- Why The Symphony Needs A Progress Bar (Elaine Wherry) — an excellent interaction designer tackles the real world.
- Biologic — view your social network as though looking at cells through a microscope. Gorgeous and different.
- The Cost of Cracking — analysis of used phone listings to see what improves and decreases price yields some really interesting results. Phones described as “decent” are typically priced 23% below the median. Who would describe something they’re selling as “decent” and price it below market value unless something fishy was going on? […] On average, cracking your phone destroys 30-50% of its value instantly. Particularly interesting to me since Ms 10 just brought home her phone with *cough* a new starburst screensaver.
- OpenStreetMap Welcomes Apple — this is the classy way to deal with the world’s richest company quietly and badly using your work without acknowledgement.
"open street maps" entries
Android, Cellphone Photos, Long-Exposure iPhone Apps, and Open Street Map
- What Android Is (Tim Bray) — a good explanation of the different bits and their relationship.
- Cell Phone Photo Helped in Oil Spill (LA Times) — a lone scientist working from a cell phone photo who saved the day by convincing the government that a cap it considered removing was actually working as designed. (via BoingBoing)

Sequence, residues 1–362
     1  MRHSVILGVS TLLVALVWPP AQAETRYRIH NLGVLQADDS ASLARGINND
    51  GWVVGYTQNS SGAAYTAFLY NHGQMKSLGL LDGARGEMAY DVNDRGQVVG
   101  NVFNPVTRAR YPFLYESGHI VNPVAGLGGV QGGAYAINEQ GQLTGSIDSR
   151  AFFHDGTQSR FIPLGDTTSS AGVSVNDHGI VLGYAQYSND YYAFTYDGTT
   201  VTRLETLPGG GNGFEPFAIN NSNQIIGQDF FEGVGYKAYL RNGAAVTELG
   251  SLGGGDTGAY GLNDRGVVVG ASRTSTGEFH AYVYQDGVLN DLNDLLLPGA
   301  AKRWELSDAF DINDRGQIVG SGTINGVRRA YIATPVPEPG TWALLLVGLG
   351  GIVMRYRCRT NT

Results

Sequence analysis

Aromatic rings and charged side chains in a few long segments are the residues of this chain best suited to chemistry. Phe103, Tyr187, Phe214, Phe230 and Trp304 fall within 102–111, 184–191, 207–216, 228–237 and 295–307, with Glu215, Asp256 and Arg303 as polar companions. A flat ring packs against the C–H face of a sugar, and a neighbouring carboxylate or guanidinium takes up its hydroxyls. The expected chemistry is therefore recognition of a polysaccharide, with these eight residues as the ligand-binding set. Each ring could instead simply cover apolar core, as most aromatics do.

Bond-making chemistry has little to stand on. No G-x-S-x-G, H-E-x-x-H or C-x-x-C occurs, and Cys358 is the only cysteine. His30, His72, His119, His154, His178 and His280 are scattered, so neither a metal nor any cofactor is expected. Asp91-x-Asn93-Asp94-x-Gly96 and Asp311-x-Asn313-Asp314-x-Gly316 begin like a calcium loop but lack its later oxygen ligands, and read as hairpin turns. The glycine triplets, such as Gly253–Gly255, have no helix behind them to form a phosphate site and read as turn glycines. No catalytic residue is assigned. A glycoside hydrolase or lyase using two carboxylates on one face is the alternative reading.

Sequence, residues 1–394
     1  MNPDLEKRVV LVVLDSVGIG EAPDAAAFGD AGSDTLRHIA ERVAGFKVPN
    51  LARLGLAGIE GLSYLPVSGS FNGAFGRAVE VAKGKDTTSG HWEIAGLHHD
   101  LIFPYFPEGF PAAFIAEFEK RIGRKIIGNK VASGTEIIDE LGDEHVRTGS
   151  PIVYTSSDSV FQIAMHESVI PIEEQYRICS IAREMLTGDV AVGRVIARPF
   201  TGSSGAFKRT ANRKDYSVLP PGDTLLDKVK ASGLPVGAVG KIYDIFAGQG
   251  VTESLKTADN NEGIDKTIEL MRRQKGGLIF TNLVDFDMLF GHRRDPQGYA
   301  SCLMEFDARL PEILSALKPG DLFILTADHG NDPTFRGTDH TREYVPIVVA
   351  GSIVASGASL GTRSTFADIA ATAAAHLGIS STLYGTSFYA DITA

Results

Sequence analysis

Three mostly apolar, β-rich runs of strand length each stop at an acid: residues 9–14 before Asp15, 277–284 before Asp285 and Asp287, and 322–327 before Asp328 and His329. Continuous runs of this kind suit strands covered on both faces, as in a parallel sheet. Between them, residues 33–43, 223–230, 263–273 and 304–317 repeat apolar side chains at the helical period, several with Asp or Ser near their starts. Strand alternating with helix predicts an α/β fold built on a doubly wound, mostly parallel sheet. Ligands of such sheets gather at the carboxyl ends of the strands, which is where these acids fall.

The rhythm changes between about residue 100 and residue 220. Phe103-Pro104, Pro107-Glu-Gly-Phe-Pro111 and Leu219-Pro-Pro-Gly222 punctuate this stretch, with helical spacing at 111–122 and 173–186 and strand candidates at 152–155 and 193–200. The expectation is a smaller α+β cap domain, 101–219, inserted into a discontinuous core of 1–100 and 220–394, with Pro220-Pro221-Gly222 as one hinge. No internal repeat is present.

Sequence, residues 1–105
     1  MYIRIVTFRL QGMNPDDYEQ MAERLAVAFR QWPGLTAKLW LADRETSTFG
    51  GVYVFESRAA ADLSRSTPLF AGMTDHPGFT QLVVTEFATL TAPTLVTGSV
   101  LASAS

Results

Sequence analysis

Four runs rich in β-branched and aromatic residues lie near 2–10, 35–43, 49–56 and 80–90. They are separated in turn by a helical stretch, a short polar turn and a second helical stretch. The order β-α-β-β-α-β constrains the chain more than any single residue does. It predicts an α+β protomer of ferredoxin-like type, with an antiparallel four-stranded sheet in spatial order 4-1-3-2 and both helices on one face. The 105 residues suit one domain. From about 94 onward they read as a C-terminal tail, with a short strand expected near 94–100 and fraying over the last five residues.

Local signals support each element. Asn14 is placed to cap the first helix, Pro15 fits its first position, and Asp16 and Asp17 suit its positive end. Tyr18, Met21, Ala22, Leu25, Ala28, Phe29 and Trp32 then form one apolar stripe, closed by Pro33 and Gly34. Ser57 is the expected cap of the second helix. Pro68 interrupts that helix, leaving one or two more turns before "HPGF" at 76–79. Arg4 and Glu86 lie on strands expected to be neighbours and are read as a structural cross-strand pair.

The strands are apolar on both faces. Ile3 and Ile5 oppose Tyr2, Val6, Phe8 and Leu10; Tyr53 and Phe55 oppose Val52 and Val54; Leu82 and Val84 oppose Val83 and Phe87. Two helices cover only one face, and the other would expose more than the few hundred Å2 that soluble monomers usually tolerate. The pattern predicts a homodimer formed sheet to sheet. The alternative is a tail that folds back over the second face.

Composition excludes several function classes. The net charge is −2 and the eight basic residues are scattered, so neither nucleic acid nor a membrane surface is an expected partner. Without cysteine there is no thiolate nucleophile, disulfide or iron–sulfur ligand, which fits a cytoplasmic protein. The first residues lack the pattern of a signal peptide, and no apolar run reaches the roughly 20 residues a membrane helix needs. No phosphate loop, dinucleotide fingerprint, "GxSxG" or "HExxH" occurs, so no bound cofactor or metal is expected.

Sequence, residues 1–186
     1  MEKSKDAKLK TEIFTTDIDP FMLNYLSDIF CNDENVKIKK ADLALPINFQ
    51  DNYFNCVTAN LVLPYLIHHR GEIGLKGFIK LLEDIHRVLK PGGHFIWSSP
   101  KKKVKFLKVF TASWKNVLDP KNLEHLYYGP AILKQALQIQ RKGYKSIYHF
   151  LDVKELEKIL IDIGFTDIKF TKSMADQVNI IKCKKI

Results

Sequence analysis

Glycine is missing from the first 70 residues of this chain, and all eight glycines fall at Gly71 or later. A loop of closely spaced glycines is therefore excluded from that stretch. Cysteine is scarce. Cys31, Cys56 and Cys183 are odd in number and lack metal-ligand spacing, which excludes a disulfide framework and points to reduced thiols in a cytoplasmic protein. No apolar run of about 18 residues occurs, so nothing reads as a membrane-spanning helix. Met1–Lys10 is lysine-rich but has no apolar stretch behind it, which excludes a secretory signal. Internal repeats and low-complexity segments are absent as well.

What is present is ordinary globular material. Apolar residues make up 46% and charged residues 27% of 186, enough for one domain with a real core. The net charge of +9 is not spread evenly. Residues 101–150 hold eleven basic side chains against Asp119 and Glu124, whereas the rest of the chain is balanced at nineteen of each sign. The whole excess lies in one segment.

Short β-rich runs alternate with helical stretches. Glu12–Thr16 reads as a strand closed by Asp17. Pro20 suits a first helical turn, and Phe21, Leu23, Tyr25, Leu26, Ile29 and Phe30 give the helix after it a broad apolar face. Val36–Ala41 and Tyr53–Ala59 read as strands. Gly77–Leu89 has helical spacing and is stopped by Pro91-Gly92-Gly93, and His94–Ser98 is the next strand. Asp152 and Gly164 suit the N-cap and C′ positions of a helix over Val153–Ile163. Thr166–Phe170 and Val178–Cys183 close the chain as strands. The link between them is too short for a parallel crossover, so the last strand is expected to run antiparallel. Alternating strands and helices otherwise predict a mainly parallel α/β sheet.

- Penki — iPhone app that lets you paint 3D messages which are revealed in long-exposure photographs. (via Aaron Straup Cope on Delicious)
- I’m Working at Microsoft and We’re Donating Imagery to OpenStreetMap! (Steve Coast) — MSFT hired the creator of OSM and he says Microsoft is donating access to its global orthorectified aerial imagery to help OpenStreetMappers make the map even better than it already is.
Ian White, the CEO of Urban Mapping, makes his living collecting and selling geo data. For next week’s Where 2.0 has put together a panel of government mapping agencies (the UK’s Ordnance Survey and the US’s Census Department) and community-built mapping projects (Open Street Map and Waze). Crowdsourced projects like Waze and Open Street Map have forced civic agencies to reconsider their licensing.